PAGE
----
In addition, hundreds of tourists sought medical attention over the weekend. According to local rescue and medical services, the number of casualties are likely to grow if the heat continues.

Cloud Lightning

US: Father and Son Both Victims of Lightning, 48 Years Apart

A New Jersey man followed the tragic fate of his own father 48 years ago when he was struck dead by lightning during a weekend barbecue with his family.

On Thursday, family members said 500 people from the tight-knit Hammonton, N.J. community attended the funeral to mourn the death of Stephen Rooney, 54, who was "well-known" and a "real nice guy," according to the town's Chief of Police Robert Jones.

On July 3, Rooney, and 25 members of his extended family took part in the "normal Fourth of July kind of antics," at a weekend barbecue--a 30-year family tradition at Rooney's residence at 59 Plymouth Road.

Cloud Lightning

US: Severe Thunderstorms Cause Delays at Minneapolis Airport

Severe thunderstorms with heavy rain and frequent lightning is causing delays for air travelers Friday in the Twin Cities.

As of 2 p.m. the FAA website said travelers were experiencing delays of up to 78 minutes at Minneapolis-St. Paul International Airport. Officials expect flights to be affected throughout the day Friday due to backups on the grid and urge travelers to check with their airline for flight status.

Airport spokeswoman Melissa Scovronski says the lightning also temporarily caused air traffic controllers to ground flights Friday morning.

Thunderstorms will continue to move through the Twin Cities with heavy downpours of rain and frequent lightning into the early afternoon. Some of the storms may contain hail and gusty winds at times.

The storms will mainly be north and east of the metro by 3 p.m. but additional storms could redevelop at anytime. The most likely time for dry weather today will be from 3 p.m. to 11 p.m. then more storms likely after midnight.

Magic Wand

Is summer over already? Clement the cuckoo seems to think so (he's already in Africa for his winter break)

Trying to tell us something? Clement the cuckoo has already migrated to Africa, where he spends each winter. The tracking device can be seen on his back
It seems the chances of a warm British summer are doomed if the migratory movements of a cuckoo are anything to go by.

So unimpressed with our mild climate is Clement the cuckoo that he has already flown to Africa, where he spends each winter.

He is one of five cuckoos that scientists are tracking on their southward migration, and the first to have left Europe altogether.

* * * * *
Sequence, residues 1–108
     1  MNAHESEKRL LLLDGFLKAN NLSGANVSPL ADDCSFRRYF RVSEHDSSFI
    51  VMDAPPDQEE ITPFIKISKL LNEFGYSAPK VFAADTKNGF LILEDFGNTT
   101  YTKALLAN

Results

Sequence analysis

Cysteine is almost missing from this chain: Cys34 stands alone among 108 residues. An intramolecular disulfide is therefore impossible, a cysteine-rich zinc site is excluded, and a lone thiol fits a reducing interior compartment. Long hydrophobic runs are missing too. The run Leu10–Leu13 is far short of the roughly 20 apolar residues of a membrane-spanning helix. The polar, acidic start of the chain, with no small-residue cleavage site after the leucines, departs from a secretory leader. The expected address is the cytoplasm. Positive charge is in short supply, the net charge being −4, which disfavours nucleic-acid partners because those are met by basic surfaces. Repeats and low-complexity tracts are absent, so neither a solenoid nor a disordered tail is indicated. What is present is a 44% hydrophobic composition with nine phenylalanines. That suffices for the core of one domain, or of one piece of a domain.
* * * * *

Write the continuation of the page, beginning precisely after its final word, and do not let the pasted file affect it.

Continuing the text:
Three of the others are currently in Italy, while the last has remained in East Anglia, where all five were caught and tagged with fingernail-sized tracking devices in May.

The British Trust for Ornithology (BTO) is monitoring the birds in order to work out why their population has dramatically fallen over the last few years.

The adventurous Clement left Britain on June 3, a month before ornithologists had thought the cuckoos would begin their migration.

He then surprised researchers by taking a westward route, flying over France before heading west through Spain and then crossing the Mediterranean into Algeria.

Scientists had expected all the cuckoos to travel on an easterly route down the length of Italy.


US: Bear Mauls Boy at Colorado Bowhunting Gathering

A marauding black bear tore through a mountain campsite at a bowhunters gathering in west-central Colorado on Friday and mauled a teenage boy, wildlife officials said.

The bear entered the boy's campsite in Lake County before dawn and broke into a food cooler, feasting on eggs before it entered the boy's tent, Randy Hampton, spokesman for the Colorado Division of Wildlife, said.

The bear grabbed the boy by the leg before other campers who heard his screams scared the animal off. The boy, who was not identified, sustained minor lacerations to his leg and was treated at a local hospital and released, Hampton said.

He said wildlife officers were tracking the bear with dogs and would destroy the animal if it is found.

"We like to have a thriving black bear population, but when they become aggressive toward people they must be put down," he said.